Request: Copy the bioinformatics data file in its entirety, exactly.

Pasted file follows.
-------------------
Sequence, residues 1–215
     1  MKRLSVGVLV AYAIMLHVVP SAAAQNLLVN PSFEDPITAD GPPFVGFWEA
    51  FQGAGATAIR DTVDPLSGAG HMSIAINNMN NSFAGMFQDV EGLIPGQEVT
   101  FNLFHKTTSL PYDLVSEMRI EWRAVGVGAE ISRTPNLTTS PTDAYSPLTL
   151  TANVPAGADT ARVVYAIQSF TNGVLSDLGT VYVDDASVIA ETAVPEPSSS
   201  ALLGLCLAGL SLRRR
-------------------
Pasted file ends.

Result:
Sequence, residues 1–215
     1  MKRLSVGVLV AYAIMLHVVP SAAAQNLLVN PSFEDPITAD GPPFVGFWEA
    51  FQGAGATAIR DTVDPLSGAG HMSIAINNMN NSFAGMFQDV EGLIPGQEVT
   101  FNLFHKTTSL PYDLVSEMRI EWRAVGVGAE ISRTPNLTTS PTDAYSPLTL
   151  TANVPAGADT ARVVYAIQSF TNGVLSDLGT VYVDDASVIA ETAVPEPSSS
   201  ALLGLCLAGL SLRRR